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Giant Honey Bee - Apis dorsata
Topic Started: Mar 24 2013, 12:00 PM (2,706 Views)
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Giant Honey Bee - Apis dorsata

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Scientific classification
Kingdom: Animalia
Phylum: Arthropoda
Class: Insecta
Order: Hymenoptera
Family: Apidae
Genus: Apis
Subgenus: (Megapis)
Species: Apis dorsata

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Apis dorsata, the giant honey bee, is a honey bee of southern and southeastern Asia mainly in forested areas like the Terai of Nepal. The subspecies with the largest individuals is the Himalayan cliff honey bee — Apis dorsata laboriosa — but typical Apis dorsata workers from other subspecies are around 17–20 millimetres (0.7–0.8 in) long.
Nests are mainly built in exposed places far off the ground, on tree limbs and under cliff overhangs, and sometimes on buildings. Apis dorsata is a defensive bee and has never been domesticated (as it does not use enclosed cavities for nesting). Each colony consists of a single vertical comb (sometimes approaching a square metre) suspended from above, and the comb is typically covered by a dense mass of bees in several layers. When disturbed, the workers may exhibit a defensive behavior known as defense waving. Bees in the outer layer thrust their abdomens ninety degrees in an upward direction and shake them in a synchronous way. This may be accompanied by stroking of the wings. The signal is transmitted to nearby workers that also adopt the posture, thus creating a visible — and audible — "ripple" effect across the face of the comb, in an almost identical manner to an audience wave at a crowded stadium.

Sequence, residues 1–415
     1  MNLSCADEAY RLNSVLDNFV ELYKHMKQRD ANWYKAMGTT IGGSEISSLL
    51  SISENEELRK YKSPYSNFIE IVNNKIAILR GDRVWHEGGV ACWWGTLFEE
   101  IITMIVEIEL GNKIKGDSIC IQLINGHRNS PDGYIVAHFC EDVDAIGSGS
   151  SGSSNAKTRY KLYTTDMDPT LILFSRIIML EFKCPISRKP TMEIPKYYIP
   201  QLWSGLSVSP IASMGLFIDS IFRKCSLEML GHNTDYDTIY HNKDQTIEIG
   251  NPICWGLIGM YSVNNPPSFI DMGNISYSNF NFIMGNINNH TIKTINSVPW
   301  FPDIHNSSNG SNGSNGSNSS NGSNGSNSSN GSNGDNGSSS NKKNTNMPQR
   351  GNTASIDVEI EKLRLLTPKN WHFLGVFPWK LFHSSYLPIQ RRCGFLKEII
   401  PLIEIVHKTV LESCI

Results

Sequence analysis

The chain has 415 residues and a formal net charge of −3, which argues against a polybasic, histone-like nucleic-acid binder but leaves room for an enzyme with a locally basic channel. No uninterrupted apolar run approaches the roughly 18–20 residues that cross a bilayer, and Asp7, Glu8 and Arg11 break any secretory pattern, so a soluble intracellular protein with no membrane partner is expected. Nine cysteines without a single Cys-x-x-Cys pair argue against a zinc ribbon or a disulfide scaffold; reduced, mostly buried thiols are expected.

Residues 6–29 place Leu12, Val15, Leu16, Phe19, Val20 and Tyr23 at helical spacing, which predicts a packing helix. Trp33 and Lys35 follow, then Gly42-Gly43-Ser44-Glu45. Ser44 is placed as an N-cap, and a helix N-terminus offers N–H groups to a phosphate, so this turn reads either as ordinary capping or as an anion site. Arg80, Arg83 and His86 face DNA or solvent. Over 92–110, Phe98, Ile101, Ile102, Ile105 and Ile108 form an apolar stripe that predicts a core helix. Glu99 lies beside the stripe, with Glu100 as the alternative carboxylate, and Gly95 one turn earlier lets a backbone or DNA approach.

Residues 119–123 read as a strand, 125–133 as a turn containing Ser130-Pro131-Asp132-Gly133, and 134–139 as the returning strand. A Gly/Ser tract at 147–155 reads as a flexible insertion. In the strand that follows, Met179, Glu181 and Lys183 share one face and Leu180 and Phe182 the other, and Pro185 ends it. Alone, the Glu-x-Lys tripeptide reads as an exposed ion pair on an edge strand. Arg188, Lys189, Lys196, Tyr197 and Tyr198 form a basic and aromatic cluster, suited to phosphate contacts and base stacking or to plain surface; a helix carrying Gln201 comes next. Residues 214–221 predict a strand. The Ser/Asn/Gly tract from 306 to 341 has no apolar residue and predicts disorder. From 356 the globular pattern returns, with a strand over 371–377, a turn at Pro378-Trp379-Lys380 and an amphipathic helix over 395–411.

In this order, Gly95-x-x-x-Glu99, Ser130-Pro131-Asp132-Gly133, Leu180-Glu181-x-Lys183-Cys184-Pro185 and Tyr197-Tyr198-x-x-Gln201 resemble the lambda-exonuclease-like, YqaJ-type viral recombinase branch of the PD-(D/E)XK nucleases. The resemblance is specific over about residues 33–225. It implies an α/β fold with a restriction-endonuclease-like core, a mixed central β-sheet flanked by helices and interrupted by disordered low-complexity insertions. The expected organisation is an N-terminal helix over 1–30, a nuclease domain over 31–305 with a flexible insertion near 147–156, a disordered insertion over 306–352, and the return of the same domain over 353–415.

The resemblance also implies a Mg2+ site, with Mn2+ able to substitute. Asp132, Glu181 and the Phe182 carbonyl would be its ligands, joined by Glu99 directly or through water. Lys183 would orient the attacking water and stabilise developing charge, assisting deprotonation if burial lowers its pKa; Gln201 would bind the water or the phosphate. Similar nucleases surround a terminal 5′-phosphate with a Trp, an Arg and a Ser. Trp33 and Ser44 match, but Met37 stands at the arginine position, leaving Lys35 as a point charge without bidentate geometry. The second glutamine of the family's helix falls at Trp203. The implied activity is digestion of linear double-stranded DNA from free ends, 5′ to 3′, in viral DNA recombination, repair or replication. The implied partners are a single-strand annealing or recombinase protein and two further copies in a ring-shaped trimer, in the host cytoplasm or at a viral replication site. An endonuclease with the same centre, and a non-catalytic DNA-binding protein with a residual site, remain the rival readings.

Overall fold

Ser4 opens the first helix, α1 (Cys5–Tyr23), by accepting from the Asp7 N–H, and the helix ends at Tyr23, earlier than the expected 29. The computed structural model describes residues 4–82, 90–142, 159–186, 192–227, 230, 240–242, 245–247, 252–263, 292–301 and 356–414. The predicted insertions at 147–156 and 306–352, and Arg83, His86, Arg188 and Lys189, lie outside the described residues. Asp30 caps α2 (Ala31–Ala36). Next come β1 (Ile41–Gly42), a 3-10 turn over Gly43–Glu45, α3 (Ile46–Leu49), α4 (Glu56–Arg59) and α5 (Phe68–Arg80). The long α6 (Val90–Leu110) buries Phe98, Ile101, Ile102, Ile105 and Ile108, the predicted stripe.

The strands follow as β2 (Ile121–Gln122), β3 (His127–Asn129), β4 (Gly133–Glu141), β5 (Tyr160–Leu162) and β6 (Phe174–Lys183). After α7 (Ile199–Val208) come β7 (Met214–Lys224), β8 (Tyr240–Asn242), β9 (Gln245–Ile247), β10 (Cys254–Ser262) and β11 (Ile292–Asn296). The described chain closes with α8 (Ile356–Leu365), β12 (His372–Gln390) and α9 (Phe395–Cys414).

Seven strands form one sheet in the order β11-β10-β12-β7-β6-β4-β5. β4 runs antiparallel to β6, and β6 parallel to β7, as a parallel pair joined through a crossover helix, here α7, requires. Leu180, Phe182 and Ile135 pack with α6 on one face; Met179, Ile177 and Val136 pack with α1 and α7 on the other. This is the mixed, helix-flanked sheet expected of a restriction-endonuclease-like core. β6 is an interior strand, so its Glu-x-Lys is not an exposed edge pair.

These bees are tropical and in most places they migrate seasonally. Some recent evidence indicates that the bees return to the same nest site, even though most, if not all, the original workers might be replaced in the process. The mechanism of memory retention remains a mystery. Despite its aggressive nature, indigenous peoples have traditionally used this species as a source of honey and beeswax, a practice known as honey hunting.

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Edited by Taipan, Apr 13 2013, 03:43 PM.
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Asian giant honeybees may move in synchrony to ventilate nests
Collective 'inhalation'-'exhalation' cycles may keep the interior of honeybee nests cool, fresh

Date: August 3, 2016
Source: PLOS
The Asian giant honeybee, Apis dorsata, builds its large single-comb nests out in the open, making them potentially vulnerable to extremes of temperature that may threaten survival. New research shows that these giant honeybees may use synchronized movements to ventilate and cool their nests.

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Identification of warm and cool zones at the surface of a giant honeybee nest.
Credit: Kastberger et al. (2016); CCAL

Asian giant honeybees may use synchronized movements to ventilate and cool their nests, according to a study published August 3, 2016 in the open-access journal PLOS ONE by Gerald Kastberger from the University of Graz, Austria, and colleagues.

The Asian giant honeybee, Apis dorsata, builds its large single-comb nests out in the open, making them potentially vulnerable to extremes of temperature that may threaten survival. Colonies are known to create an insulating 'bee curtain' of five to seven layers of bees covering the single central comb. Researchers had also previously observed 'cool nest regions,' small areas on the nest surface that are cooler than neighboring areas, appearing briefly in the bee curtain. To investigate colony cooling mechanisms, the authors monitored the changes in surface temperature and slow horizontal movements of the bee curtain throughout the day using an infrared camera and vibrometer in several bee nests in Nepal.